Hills ponders deal with IndyCar team By Timothy Collings in Budapest

JUST when one would have expected his self-esteem and bargaining power to have reached an all-time low, Damon Hill arrived in Budapest yesterday for the potentially-decisive Hungarian Grand Prix with a confident grin on his face.

Not only does he remain charged up and determined to challenge for the world drivers' championship, but he has been buoyed by an unexpected offer from America which could transform his career and give him a massive opportunity to repeat Nigel Mansell's success in IndyCar racing.

According to reliable sources in the United States, Carl Haas and his partner, the Hollywood actor Paul Newman, have approached Hill with an offer to race for the Newman-Haas IndyCar team next year. It is believed the offer is worth £3 million.

Hill, who has failed to score a point after crashing out of the last two grand prix, must respond within one month, by early September, if he wishes to take it up. Whatever he decides, he knows that his negotiating position has been enhanced at the height of the annual Formula One silly season.

"I can only say that I have received one or two interesting phone calls this week," said Hill yesterday as he sat under the awnings of the Williams Renault team motor home at the Hungaroring.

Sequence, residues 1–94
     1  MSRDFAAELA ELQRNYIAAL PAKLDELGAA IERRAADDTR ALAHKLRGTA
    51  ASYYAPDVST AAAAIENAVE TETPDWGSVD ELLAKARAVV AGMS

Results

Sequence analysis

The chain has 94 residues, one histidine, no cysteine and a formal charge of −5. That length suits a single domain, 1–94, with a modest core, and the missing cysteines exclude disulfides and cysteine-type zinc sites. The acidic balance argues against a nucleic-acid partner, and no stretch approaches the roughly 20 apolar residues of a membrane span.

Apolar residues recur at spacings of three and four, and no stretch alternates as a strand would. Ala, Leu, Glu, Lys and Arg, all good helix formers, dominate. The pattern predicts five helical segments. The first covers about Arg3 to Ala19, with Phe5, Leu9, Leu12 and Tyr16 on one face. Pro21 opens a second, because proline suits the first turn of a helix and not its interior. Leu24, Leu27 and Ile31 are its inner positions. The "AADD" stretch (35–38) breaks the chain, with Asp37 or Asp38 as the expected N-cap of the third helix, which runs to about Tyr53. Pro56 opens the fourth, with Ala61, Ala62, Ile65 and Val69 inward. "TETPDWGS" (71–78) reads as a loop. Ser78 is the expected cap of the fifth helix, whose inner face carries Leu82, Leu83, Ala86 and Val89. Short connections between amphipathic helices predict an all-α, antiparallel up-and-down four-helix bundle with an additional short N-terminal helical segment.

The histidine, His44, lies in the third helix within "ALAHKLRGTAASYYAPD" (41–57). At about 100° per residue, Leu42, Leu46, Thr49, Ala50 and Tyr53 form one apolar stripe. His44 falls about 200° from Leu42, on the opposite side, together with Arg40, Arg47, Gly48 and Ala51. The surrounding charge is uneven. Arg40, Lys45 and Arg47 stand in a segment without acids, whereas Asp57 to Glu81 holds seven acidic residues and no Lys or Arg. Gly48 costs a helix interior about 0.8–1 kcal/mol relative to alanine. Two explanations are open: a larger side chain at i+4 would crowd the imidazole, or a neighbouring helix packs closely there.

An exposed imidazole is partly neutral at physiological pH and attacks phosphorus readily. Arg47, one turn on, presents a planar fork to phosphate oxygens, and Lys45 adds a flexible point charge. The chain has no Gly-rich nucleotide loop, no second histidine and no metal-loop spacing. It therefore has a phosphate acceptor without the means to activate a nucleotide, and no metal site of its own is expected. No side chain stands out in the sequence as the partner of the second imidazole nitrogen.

"Without being more specific, it's good to be recognised. My priority is Formula One as I have unfinished business here and it is the pinnacle. My ambition is to be world champion."

Carl Haas is said to be enthusiastic about signing Hill in a deal which, if it goes through, would also copy the sort of swap arrangement masterminded by Bernie Ecclestone, F1's ringmaster, in 1993. Then, Mansell went to America in exchange for Michael Andretti, who endured a disappointing season with McLaren. This time, it is understood, Jacques Villeneuve would come in the other direction and sign for Williams as team-mate to David Coulthard.

His decision to accept or reject Williams is expected within six days

Villeneuve tested with impressive results for the Williams team a week ago at Silverstone. It appears he is ready to accept the challenge of Formula One, having won the Indianapolis 500 already this year and remaining a clear favourite to win this year's IndyCar World Series.

His decision to accept or reject Williams, who are believed to hold a three-year option on his services in F1, is expected to be made within the next six days.

For Hill, the attractions of America are obvious: a good income, a chance to raise his profile in another formula and an opportunity to emulate his father's success in winning the Indianapolis 500 some 30 years ago. Furthermore, it seems he is wanted. Haas has said he feels Hill is a "great driver who is very much underestimated" in F1.

Hill was reticent to say much. As the best of Roy Orbison's songs boomed out of the public address system and seemed, symbolically, to overwhlem his words, he admitted: "I didn't set out to be a negotiator. I set out to be a racing driver, but you cannot disconnect it all from the sport itself.

"It's all intrinsic to the driving in the end, but there are so many other things in the equation."

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